These narrative choices provide a window into a different way to experience time, which parallels the narrator’s assessment of the secret to a meaningful life. Aside from a brief reference to the pandemic, the bulk of the book wholly eschews any sense of external time to reflect an ongoing, subjective sense of now. Along with the recursive patterning, the continual use of present tense invites a sense of immediacy, an eternal now.

Perhaps most striking is the way that the book deals with the last term of the subtitle: recovery. West recounts struggles with sobriety and shame, holding these moments with a rare blend of humility and dignity. Much of his writing about these periods of his life occur within a larger context of grief—not about him so much as those he has known. West’s recovery ultimately allows a reflection on loss, all of the losses that are unable to be fully recovered, the loss of connections that in turn require a change of identity. The loss of past identities ultimately enables the recovery of the original mind, the capacity to see the world with the unreserved delight of a toddler.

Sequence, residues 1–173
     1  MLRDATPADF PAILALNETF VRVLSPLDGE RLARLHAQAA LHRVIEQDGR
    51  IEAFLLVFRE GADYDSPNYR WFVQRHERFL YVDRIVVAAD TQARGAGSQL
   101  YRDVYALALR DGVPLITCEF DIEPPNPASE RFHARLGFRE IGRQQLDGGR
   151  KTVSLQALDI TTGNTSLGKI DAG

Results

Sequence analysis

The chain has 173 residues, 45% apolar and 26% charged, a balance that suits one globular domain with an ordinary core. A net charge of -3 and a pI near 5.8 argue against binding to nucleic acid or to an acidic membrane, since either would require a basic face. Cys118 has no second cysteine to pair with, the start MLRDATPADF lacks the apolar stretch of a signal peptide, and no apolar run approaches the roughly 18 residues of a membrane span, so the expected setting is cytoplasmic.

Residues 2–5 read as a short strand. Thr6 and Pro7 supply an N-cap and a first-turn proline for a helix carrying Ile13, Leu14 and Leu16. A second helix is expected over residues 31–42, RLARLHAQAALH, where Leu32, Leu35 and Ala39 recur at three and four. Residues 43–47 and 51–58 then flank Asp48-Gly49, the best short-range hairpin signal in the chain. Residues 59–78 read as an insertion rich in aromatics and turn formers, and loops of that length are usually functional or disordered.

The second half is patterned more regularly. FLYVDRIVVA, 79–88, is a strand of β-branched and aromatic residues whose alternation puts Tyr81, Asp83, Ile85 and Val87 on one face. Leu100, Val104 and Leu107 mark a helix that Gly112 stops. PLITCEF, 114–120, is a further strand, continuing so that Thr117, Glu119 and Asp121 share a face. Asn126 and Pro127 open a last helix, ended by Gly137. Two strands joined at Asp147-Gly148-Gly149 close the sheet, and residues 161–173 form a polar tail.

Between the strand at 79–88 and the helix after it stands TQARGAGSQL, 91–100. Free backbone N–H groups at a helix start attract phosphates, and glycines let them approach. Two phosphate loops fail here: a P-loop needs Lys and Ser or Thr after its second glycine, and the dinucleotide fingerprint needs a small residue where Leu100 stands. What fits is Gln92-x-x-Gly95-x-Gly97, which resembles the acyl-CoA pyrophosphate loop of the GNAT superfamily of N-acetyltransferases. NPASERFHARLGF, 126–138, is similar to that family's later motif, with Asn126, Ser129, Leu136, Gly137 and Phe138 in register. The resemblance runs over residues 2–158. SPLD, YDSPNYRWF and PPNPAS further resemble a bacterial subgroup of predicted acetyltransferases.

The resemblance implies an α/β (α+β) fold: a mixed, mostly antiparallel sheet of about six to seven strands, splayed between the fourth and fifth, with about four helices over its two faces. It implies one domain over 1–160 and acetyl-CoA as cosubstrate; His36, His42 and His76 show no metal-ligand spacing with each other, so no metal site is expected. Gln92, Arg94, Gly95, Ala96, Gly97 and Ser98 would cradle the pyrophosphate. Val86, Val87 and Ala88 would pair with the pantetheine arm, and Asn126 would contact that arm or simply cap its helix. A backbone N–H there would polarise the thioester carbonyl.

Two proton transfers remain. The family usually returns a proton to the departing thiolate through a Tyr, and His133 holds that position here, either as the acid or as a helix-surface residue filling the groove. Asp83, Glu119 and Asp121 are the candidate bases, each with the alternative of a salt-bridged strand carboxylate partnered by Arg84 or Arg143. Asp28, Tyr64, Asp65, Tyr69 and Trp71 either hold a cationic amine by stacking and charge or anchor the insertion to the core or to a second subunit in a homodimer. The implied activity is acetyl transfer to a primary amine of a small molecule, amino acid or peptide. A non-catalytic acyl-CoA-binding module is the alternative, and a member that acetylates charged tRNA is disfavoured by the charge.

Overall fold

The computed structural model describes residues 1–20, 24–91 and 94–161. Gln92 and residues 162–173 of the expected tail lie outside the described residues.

The larger structure which moves through nine lessons (suggested carols are listed in the back) retains contact with both the ongoing tradition of Lessons and Carols as part of some Christian celebrations of Christmas as well as West’s personal, secularized devotion to this practice. This reflexive mode of moving from structure to theme to event and back again provides a mediative lens through which to understand “identity” as sameness, both in relation to the self (the core of most autobiographical essays) but also in relationship to others.